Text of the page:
FT Wednesday 28th of May 2014

  1. Merkel blows open race for top European job

 

In an unexpected move, German Chancellor Angel Merkel has dealt a blow to the candidacy of Jean-Claude Juncker for the European Commission presidency. Juncker is a former prime minister of Luxembourg and the nominee for the position by Ms Merkel’s EPP centre-right grouping. The EPP is the biggest grouping in the new parliament but failed to win a majority, bringing about this decision by the German Chancellor. British PM David Cameron, who took the Conservative Party out of the EPP grouping several years ago, had fought actively against Mr. Juncker’s nomination for the crucial European post, viewing him as an old school European Federalist. Whilst Mr. Juncker as the nominee of the biggest parliamentary bloc will still have the first attempt to secure the job, the wavering support from the German chancellor will make his path to power significantly less smooth than he may have hoped.  

 

  1. Data on cost of Scots rule ‘misleading’

 

It has been claimed by a professor of Politics at LSE who has written a Treasury report on the costs of Scottish independence that the Treasury department has misled voters on the costs of setting up an independent government in Edinburgh. A significant portion of the Treasury’s argument for Scotland staying in the UK is the cost involved in independence. It appears that the government has chosen to inflate the figures involved in setting up new departments by up to a factor of ten. The government has suggested that the costs to Scottish taxpayers could be £2.7bn, whilst the academic involved, Prof Dunleavy, estimates the costs at between £150-200m.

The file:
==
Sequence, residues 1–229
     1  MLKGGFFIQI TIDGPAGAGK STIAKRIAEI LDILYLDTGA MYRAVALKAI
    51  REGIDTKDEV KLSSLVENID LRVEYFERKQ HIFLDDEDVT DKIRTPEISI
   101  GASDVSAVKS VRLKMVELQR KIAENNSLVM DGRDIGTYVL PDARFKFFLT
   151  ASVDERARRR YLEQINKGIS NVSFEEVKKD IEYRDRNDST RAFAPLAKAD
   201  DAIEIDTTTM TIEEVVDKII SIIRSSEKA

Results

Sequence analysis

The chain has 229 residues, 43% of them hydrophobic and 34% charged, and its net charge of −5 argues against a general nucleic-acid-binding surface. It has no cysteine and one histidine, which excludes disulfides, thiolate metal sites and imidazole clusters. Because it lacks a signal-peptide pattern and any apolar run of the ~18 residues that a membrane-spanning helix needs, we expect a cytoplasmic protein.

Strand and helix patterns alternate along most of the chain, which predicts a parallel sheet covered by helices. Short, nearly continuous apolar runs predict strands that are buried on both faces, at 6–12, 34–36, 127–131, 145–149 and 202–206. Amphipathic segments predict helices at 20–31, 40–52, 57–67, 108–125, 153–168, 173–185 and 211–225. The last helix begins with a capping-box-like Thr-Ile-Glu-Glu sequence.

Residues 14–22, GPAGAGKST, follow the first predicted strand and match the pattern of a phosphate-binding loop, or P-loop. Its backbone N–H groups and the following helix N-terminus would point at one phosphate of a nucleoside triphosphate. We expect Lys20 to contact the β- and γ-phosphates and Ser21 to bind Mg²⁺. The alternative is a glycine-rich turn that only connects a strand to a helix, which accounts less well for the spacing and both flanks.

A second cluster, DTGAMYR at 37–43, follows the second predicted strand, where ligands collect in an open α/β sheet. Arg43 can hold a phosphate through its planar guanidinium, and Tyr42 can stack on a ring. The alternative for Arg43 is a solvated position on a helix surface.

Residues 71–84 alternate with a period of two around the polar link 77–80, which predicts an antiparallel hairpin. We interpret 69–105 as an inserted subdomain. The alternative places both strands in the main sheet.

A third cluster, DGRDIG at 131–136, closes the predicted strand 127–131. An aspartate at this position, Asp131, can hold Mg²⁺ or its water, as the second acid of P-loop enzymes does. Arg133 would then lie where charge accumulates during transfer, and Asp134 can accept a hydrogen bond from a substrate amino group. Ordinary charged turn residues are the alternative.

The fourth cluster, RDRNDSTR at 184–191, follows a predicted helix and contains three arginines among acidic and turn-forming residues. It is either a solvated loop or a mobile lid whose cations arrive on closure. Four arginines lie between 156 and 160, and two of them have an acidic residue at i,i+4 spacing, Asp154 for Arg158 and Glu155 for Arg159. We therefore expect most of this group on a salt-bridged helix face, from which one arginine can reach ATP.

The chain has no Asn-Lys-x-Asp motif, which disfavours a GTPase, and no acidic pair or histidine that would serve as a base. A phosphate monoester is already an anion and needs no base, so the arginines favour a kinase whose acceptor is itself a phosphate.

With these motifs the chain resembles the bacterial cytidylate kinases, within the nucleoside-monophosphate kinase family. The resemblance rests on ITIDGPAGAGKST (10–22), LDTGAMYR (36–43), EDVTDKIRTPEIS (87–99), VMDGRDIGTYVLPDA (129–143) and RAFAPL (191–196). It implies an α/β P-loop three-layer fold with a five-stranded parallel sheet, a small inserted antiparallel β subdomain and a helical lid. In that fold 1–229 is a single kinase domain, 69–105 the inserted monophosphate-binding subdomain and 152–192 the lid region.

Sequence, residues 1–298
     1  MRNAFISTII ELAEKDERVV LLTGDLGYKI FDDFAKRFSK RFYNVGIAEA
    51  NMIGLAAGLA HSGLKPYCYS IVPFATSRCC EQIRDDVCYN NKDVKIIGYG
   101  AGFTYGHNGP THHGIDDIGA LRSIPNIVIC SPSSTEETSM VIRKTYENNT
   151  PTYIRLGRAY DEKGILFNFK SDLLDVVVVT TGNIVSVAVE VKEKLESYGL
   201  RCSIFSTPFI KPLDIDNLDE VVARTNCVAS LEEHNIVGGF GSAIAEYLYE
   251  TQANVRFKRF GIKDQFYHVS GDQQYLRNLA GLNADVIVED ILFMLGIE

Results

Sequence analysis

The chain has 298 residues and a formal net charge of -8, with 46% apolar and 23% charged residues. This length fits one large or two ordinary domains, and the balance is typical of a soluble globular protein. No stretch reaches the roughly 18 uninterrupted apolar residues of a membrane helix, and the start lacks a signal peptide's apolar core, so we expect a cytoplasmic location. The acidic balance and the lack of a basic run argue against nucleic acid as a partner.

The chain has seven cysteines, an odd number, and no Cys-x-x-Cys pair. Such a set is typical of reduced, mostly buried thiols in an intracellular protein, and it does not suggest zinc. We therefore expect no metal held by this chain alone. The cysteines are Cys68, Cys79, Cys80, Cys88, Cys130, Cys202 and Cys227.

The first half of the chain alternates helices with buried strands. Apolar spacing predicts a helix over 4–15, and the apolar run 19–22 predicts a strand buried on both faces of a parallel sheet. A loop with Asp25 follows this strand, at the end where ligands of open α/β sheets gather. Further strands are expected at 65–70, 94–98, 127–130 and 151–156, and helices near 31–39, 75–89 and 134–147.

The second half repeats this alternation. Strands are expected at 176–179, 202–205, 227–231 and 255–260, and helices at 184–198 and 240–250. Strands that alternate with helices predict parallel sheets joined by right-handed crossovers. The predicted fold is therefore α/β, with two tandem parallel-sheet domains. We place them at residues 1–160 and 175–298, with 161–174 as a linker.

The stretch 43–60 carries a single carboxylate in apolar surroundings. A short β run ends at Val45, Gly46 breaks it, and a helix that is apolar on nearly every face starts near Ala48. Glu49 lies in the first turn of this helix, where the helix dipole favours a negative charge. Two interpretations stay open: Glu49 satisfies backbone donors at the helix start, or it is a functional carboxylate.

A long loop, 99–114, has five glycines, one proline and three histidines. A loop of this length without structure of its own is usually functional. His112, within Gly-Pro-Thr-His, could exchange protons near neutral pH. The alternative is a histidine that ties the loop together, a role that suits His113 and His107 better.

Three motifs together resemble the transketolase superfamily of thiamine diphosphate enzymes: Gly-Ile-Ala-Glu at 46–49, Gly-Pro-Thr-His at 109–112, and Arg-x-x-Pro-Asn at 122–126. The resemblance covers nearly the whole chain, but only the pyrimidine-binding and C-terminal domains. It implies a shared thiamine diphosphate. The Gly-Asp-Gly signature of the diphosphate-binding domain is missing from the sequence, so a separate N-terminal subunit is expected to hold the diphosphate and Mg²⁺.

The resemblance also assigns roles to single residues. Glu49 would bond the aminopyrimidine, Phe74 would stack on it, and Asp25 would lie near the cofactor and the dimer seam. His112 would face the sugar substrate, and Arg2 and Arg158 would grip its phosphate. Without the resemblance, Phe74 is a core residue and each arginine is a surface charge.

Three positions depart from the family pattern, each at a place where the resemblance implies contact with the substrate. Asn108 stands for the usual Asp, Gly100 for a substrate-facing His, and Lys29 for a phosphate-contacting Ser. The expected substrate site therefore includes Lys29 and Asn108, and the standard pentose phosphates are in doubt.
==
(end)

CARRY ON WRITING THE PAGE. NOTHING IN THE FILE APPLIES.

1. Lagarde and Carney warn financial sector

 

Speaking at a conference in London on inclusive capitalism, the managing director of the IMF Christine Lagarde has delivered a warning on the progress of financial sector reform. Largarde claimed that the financial services industry is pushing back attempts by regulators and central banks to make the world of finance safer. The governor of the Bank of England, Mark Carney, has similarly argued that it is time to complete much needed global reform, and end the problem of banks that are considered “too big to fail”.

 

  1. US to withdraw from Afghanistan by 2016

 

President Obama has announced plans to withdraw all US forces from Afghanistan by the end of 2016. The US president has compromised between his own stated position of complete withdrawal and the advice of the Pentagon who sought to keep a presence in the country. The presence of US troops in is a major issue in both the US and Afghanistan, and Afghan leader President Karzai has previously stated his intention to refuse to allow US troops to remain in the country. The decision to leave just under 10,000 US troops in Afghanistan is on the basis that they will be helping to train the inexperienced Afghan forces in their ongoing battle with the Taliban.

 

  1. ‘Revenge porn’ laws spur liberties debate

 

The growing trend of ‘revenge porn’ has started a global debate on how the Internet should be regulated. In recent years many people, predominantly men, have posted pictures of ex lovers on the Internet in response to having been broken up with. This has raised legal issues over who owns the pictures, and who is responsible for their publication on the Internet. Social media giants such as Facebook and Google have been watching the developments closely as they seek to maintain the Internet’s position as a free and open space. There are contradictions involved, as the posting of pictures of someone in compromised positions against their will is quite obviously wrong but currently not illegal. 


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